Using Landsat Imagery to Find Shipwrecks

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What do treasure hunters and historians have in common? They both want to find shipwrecks.  Researchers estimate there could be nearly three million ships on the bottom of the ocean, and only about 10% of all shipwrecks have ever been found. Some of these ships are rumored to hold billions in buried treasure, while others hold a different form of treasure: history.

One way treasure hunters, archeologists, historians and others are finding shipwrecks is by using satellite imagery. Two current tactics for finding non-natural material at the bottom of the sea, like wood or metal used in ship, are: using waterborne sonar or airborne LiDAR. Both systems have their benefits and detractions, but neither are particularly good when it comes to finding wrecks in shallow, cloudy water.

This is, unfortunately, where many ships have wrecked. Ships usually wreck near harbors when they run into rocks or sandbars and can be sunk in very shallow waters, which aren’t always clear enough to see through. Researchers are using satellites to figure out new ways to detect wrecked ships in shallow water around the world, and are finding some success doing just that.

Satellite imagery from Landsat 8 has been used by a Belgian marine research institute to detect shallow water shipwrecks. The crew took a look at four known shipwrecks off the Belgian coast in order to find out how they could detect other shipwrecks using satellite imagery. The research team realized that, like other natural features underwater, shipwrecks changed the geography of the sea floor as well as the composition of the seawater around them. Satellite imagery from Landsat 8 can detect the concentration of sand and silt particles in the ocean, which can then be used to pinpoint a potential shipwreck location.

These satellite images were acquired by the Operational Land Imager (OLI) on Landsat 8 on April 1, 2014. In these natural-color views, long sediment plumes extend from the known wreck sites of the Sansip and Samvurn.  Source: NASA.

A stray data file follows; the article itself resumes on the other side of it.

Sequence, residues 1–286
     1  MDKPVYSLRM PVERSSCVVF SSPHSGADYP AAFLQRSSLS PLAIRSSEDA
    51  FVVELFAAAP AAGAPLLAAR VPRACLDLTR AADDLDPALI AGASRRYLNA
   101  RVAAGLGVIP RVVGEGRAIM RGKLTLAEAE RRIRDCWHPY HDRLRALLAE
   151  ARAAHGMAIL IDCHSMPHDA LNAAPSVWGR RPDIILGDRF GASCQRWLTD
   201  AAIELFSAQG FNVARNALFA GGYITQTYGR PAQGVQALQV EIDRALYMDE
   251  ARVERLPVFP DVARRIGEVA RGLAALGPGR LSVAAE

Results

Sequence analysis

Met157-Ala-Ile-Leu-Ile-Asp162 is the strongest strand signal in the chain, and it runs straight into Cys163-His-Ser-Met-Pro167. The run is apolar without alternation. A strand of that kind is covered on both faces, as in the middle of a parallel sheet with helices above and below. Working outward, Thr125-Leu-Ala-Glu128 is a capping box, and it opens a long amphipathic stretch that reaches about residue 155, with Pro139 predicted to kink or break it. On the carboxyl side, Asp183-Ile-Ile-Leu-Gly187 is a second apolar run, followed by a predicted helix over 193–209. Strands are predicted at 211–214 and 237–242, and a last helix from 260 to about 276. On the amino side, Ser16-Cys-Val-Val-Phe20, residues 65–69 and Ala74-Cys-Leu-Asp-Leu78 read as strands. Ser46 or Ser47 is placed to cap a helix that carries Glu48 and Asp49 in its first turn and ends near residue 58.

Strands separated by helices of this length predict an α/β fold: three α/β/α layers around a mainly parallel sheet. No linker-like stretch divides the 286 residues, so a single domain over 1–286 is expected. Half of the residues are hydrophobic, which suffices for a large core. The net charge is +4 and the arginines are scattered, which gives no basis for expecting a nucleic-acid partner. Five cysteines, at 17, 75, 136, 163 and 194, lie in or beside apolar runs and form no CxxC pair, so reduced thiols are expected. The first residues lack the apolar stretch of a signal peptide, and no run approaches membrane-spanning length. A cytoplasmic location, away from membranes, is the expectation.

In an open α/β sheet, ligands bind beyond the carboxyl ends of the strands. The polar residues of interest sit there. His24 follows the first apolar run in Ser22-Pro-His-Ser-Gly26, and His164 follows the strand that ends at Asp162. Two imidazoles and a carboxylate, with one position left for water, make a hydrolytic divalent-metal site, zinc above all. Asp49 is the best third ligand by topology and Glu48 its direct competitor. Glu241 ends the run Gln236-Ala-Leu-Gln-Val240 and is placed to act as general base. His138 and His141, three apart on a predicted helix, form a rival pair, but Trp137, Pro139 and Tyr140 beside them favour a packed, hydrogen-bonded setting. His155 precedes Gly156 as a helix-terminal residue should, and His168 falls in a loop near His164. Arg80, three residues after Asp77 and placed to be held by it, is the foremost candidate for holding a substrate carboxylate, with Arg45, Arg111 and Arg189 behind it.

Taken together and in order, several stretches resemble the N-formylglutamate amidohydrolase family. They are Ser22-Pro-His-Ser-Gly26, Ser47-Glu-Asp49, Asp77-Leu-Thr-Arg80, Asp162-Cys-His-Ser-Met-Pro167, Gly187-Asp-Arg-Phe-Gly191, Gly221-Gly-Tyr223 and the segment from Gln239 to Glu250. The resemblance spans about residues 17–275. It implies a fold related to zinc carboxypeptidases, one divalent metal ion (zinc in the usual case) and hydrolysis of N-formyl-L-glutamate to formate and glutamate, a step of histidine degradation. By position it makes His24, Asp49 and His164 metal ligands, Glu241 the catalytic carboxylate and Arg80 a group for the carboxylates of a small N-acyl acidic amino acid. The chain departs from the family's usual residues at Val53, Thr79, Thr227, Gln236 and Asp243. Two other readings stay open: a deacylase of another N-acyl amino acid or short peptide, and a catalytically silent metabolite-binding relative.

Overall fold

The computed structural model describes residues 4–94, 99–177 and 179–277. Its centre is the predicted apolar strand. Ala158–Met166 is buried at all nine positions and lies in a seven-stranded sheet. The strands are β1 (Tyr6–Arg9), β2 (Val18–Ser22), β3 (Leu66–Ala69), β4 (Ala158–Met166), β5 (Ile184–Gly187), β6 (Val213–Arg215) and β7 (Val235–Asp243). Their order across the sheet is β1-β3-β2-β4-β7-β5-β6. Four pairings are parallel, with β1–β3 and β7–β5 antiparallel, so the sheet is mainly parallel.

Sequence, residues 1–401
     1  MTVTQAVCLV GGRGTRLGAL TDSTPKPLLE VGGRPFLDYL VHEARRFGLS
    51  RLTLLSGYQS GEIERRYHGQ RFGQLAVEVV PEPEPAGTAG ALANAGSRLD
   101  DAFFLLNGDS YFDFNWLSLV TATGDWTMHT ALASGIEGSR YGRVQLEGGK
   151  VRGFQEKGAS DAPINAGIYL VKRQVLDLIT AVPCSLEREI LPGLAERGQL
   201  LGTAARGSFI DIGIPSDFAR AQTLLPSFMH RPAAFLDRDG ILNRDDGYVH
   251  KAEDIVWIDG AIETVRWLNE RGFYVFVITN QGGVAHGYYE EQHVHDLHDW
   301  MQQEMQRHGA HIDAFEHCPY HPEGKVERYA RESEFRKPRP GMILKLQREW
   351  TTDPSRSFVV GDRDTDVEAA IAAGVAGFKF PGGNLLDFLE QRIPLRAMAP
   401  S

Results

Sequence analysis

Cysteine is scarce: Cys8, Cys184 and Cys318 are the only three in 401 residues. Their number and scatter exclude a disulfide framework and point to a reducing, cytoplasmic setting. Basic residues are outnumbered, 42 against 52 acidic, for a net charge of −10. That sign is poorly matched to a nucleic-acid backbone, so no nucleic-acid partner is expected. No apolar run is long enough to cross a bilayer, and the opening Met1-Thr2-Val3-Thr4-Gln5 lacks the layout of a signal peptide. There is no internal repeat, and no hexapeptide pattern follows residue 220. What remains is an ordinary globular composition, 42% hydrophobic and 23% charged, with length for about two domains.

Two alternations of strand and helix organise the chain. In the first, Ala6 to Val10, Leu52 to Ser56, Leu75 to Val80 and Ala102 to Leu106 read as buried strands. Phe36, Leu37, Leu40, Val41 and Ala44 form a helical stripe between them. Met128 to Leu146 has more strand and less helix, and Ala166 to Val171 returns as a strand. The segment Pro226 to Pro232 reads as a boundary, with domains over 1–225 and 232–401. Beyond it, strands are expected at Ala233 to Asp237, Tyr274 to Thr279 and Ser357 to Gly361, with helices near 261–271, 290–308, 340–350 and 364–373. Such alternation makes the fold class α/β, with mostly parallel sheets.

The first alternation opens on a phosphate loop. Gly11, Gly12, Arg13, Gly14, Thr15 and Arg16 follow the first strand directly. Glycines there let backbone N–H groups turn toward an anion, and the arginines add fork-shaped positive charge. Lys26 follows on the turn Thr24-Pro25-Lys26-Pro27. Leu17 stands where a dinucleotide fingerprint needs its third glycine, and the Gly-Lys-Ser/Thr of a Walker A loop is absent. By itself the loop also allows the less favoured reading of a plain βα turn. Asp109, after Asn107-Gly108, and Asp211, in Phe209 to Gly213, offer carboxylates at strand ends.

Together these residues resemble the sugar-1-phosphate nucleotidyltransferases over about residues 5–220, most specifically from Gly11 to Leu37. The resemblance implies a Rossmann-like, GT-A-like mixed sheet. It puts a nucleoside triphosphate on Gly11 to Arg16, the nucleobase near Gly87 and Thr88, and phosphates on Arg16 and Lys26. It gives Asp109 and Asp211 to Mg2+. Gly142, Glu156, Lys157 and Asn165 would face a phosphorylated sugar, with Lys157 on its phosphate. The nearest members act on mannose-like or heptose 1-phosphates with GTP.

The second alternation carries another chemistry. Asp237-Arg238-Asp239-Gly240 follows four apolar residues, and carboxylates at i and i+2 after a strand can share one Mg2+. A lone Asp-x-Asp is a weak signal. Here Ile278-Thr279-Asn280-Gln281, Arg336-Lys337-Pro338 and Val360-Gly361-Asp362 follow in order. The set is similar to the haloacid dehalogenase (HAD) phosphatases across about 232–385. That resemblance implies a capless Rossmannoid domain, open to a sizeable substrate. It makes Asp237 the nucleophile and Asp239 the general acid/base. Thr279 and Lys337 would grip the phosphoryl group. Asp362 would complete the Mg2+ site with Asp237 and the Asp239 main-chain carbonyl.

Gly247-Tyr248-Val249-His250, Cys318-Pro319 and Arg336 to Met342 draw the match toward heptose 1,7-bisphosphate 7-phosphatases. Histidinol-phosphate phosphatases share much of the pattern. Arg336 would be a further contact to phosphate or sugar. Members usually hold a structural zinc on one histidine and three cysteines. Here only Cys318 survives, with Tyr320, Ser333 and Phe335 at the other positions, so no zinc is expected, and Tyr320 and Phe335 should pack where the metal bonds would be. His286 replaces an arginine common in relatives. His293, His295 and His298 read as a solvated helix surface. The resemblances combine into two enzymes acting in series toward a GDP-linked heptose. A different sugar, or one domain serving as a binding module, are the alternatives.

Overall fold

These satellite images were acquired by the Operational Land Imager (OLI) on Landsat 8 on April 1, 2014. In these natural-color views, long sediment plumes extend from the known wreck sites of the Sansip and Samvurn. Source: NASA.

The wrecks that were analyzed by the Belgian research team showed long plumes of sand and silt coming off of the ships because of the movement of water, which could be detected from space.

Elevation models show the SS Sansip (left) and the SS Samvurn (right) as imaged by a multibeam echosounder. Both of these ships leave sediment plumes detectable by Landsat 8 during ebb and flood tides.  Source: Matthias Baeye et al
Elevation models show the SS Sansip (left) and the SS Samvurn (right) as imaged by a multibeam echosounder. Both of these ships leave sediment plumes detectable by Landsat 8 during ebb and flood tides. Source: Matthias Baeye et al

The researchers weren’t sure if the satellite data would be the same on wooden ships or in different depths: their shipwrecks were all metal and located at a depth of 15 meters.

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Satellites and Shipwrecks: Landsat Satellite Spots Foundered Ships in Coastal Waters.  Rocchio, L, NASA, March 11, 2016.

Baeye, M., et al. (2016) Detection of shipwrecks in ocean colour satellite imagery. Journal of Archaeological Science,66:1-6.

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